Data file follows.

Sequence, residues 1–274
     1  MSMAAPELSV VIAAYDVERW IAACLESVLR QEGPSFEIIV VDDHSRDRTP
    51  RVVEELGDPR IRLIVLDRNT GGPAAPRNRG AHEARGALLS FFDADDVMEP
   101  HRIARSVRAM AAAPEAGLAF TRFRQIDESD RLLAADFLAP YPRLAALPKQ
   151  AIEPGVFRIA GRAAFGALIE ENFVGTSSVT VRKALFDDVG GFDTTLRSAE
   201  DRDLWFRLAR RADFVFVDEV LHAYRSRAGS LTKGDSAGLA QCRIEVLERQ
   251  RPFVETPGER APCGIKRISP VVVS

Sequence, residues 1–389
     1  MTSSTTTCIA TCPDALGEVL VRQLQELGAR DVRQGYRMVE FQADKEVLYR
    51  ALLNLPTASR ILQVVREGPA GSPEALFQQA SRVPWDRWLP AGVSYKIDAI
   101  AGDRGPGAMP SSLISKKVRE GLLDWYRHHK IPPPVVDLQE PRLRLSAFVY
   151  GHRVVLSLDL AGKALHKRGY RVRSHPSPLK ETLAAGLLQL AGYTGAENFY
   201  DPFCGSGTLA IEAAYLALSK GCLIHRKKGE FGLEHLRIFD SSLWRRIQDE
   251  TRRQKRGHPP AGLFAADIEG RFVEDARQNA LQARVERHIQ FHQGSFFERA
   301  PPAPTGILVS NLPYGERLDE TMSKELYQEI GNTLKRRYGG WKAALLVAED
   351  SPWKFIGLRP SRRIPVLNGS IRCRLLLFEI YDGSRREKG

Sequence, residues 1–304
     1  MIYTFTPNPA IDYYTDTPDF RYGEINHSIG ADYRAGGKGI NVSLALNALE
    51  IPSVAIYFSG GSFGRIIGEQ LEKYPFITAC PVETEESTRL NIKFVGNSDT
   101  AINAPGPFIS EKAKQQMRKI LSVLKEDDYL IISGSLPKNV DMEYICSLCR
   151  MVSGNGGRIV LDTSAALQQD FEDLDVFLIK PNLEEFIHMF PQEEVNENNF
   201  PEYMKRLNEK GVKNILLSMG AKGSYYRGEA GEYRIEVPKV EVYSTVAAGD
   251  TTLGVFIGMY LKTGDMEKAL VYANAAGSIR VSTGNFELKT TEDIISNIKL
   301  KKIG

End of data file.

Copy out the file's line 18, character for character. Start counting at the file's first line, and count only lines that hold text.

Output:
     1  MIYTFTPNPA IDYYTDTPDF RYGEINHSIG ADYRAGGKGI NVSLALNALE